Capturing great audio is just as crucial as capturing a great picture. Ask if your videographer uses wireless microphones for all of the sources at your ceremony (e.g. groom, officiate, even musicians). For the reception and speeches, a direct audio feed from the band/DJ will definitely give you the best results, but don't necessarily rule out a videographer who uses an on-camera mic, since newer cameras have better models than the past.
7. How do you handle music for the wedding film?
Music sets the tone for your entire wedding video—in the clip below, the zippy song and descriptive lyrics make you feel like you're in paradise with the couple! Tell your videographer what kind of music you love (and hate) so that they can fit in your preferences. They should be open to your input, and in turn, you need to trust their judgment, since they know which songs will work well for editing. Ask if they will be using licensed music (especially for anything posted online).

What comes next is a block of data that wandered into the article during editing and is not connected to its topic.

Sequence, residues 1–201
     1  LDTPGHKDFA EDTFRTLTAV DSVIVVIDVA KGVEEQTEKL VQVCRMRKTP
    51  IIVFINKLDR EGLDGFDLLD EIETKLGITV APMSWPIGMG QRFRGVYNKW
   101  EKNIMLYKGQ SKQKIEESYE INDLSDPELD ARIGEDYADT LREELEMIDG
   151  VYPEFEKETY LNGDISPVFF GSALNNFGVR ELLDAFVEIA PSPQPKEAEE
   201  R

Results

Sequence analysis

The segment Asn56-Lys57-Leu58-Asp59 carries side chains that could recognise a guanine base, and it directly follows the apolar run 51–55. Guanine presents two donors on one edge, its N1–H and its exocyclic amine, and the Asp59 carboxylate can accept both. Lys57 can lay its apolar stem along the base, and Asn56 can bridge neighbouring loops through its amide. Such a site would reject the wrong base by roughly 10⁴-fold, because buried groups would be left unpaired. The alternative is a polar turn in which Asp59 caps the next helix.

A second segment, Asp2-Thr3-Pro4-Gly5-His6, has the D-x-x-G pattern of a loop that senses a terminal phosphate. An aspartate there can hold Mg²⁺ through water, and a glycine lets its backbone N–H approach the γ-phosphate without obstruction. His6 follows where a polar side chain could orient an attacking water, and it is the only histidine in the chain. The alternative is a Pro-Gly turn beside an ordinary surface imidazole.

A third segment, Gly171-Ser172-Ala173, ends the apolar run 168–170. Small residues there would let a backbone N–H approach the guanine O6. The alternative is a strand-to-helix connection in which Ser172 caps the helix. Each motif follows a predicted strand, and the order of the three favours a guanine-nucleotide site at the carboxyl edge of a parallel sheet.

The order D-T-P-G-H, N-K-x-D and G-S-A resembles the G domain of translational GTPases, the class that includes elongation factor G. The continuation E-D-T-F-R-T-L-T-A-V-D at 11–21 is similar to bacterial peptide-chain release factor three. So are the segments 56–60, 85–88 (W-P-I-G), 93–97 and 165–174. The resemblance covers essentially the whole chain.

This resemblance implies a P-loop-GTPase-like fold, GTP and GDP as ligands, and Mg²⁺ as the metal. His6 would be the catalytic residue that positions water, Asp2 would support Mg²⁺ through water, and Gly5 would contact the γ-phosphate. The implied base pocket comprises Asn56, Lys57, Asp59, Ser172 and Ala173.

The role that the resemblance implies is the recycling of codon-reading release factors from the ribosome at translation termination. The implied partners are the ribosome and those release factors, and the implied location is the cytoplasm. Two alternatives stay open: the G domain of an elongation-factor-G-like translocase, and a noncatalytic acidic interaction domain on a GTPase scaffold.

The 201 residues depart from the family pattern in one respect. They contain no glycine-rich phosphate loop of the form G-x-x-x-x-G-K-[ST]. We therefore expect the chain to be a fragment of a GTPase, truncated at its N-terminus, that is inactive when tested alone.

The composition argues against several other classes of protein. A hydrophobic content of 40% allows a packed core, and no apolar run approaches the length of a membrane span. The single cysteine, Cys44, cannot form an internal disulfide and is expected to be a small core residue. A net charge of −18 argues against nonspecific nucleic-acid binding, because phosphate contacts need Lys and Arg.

8. What types of packages do you offer?
Videographers use either à la carte pricing or all-inclusive packages. The length of the videos is an important factor to consider. Many videographers produce short trailers or highlight films (2-5 minutes), which can easily be shared online. Other options include short-form wedding films (10-20 minutes), and feature-length videos (45-90 minutes). If you're on a tight budget, consider asking for raw footage only. But keep in mind that raw footage is just that—raw. You'll see camera movement, blocked shots, etc., but you can always have the footage edited later on.
When it comes to pricing, your video budget should be similar to what you spent on photos, since both require intense labor and expensive equipment. According to Hill, stats show that not having a wedding film is one of the top regrets for newlyweds—think of it as an investment. "You’ll wear your dream wedding gown for about 6-10 hours on your wedding day, but you’ll look at your photos and watch the wedding film hundreds of times throughout your life, and your children and grandchildren will also enjoy them for years," said Hill. (She still has her grandparents’ wedding on film from 1948!)
9. How is footage recorded? How do you deliver the final product? Can I see a finished sample?